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Effect of Creatine Supplementation on Wrist Flexion Work and Power after Immobilization


Please use this identifier to cite or link to this item: http://hdl.handle.net/1928/20820

Effect of Creatine Supplementation on Wrist Flexion Work and Power after Immobilization

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Title: Effect of Creatine Supplementation on Wrist Flexion Work and Power after Immobilization
Author: Fransen, Jeremy
Advisor(s): Kravitz, Len
Committee Member(s): Schneider, Suzanne
Conn, Carole
Mermier, Christine
Department: University of New Mexico. Division of Physical Performance and Development
Subject: Casting, Creatine, Muscle Endurance
Degree Level: Doctoral
Abstract: The purpose of this dissertation was to identify the effect of creatine (Cr) supplementation during immobilization on muscle performance. Twenty-five healthy, active male (n = 14; age 28 ± 5 years) and female (n = 11; age 22 ± 4 years) subjects performed wrist flexion exercise before (PRE) and after (POST) one week of wrist/forearm cast immobilization. During the immobilization period, subjects consumed Cr (20g) or placebo PL (4% CHO flavored solution) interspersed throughout the day. On the first day of immobilization subjects consumed two doses of Cr (10 g) or PL. Subjects consumed 5 g of Cr or PL on four occasions from day 2 to day 7 for a total of 20 g•d-1. On day 8, subjects were instructed to consume a total of 5 g CR or PL, and the cast was removed prior to POST test. Exercise was performed on a custom developed rotational ergometer device attached by a cord to suspended weights across a wall pulley. Wrist flexion exercise commenced with an incremental protocol to fatigue followed by a 4.8 min rest. Then constant-load exercise (CL1) was performed with the peak weight achieved in the incremental protocol for 2.4 min, followed by another 4.8 min rest. The second constant-load exercise bout (CL2) used the same weight as CL1 for a final 2.4 min endurance exercise bout. Total work and average power was quantified by the kg load, the distance the weight was lifted, and the time to conduct the work. Immobilization caused a significant decrement in forearm total work (-3.17 ± 2.27% PL; -2.61 ± 1.89% CR) and average power (-3.43 ± 2.35% PL; -2.61 ± 1.89% CR) during the incremental protocol, regardless of Cr supplementation. During the first CL bout, both total work and average power decreased in PL after immobilization (-28.9 ± 9.63%; p < 0.05), but not in CR. However, during CL2, both total work and average power decreased in CR (work -14.39 ± 4.54%; power -10.52 ± 4.6% and PL (work -21.98 ± 8.28%; power -21.3 ± 8.25%) groups after immobilization. The significance of these findings are; 1) 7 days of wrist immobilization will significantly decrease wrist flexion work and power, 2) this decrement can be slowed with Cr supplementation for an initial constant load exercise bout performance, and 3) however, this beneficial effect may be lost with repeated bouts of constant load exercise. Future research should help elucidate the underlying mechanisms of fatigue after immobilization to explain possible differences in incremental and constant load endurance exercise performance.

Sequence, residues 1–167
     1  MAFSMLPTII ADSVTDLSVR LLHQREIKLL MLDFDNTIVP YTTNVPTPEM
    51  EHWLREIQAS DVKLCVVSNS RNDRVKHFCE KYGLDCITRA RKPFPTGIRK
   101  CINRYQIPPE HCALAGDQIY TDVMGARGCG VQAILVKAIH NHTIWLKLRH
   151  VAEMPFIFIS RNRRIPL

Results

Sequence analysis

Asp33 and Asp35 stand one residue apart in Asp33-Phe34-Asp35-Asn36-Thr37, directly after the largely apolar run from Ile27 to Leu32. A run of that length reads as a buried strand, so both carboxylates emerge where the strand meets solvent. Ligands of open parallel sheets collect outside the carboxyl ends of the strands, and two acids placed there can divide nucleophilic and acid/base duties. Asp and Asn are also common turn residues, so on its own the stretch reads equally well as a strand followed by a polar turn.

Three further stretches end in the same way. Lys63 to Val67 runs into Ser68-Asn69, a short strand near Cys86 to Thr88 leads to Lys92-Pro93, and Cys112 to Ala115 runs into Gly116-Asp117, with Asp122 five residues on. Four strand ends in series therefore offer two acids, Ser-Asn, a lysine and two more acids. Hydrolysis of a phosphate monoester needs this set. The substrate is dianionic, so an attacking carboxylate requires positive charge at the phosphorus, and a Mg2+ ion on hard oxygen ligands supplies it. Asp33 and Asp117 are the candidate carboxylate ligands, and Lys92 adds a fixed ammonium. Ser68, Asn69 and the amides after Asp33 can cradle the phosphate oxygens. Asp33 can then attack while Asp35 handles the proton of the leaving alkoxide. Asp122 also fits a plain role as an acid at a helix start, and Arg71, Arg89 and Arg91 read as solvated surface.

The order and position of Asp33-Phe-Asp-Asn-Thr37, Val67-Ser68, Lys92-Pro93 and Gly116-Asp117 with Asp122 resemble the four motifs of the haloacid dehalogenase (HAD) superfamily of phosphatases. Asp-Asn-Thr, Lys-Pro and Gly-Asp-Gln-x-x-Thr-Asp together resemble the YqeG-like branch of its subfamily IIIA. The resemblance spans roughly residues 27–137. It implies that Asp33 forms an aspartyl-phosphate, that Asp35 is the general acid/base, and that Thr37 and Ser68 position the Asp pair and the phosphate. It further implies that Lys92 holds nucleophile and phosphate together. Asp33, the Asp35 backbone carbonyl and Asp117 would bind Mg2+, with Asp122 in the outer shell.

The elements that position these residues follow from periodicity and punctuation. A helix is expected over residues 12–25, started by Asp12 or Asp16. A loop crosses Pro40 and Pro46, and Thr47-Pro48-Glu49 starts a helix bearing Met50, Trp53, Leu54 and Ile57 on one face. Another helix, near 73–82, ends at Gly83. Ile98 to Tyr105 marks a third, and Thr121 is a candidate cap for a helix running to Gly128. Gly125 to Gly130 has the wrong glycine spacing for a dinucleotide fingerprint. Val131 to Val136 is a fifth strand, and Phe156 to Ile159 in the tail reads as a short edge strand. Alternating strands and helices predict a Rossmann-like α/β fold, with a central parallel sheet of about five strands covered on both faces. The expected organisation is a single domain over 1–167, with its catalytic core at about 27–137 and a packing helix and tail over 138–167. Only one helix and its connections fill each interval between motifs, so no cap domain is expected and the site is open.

Graduation Date: May 2012
URI: http://hdl.handle.net/1928/20820

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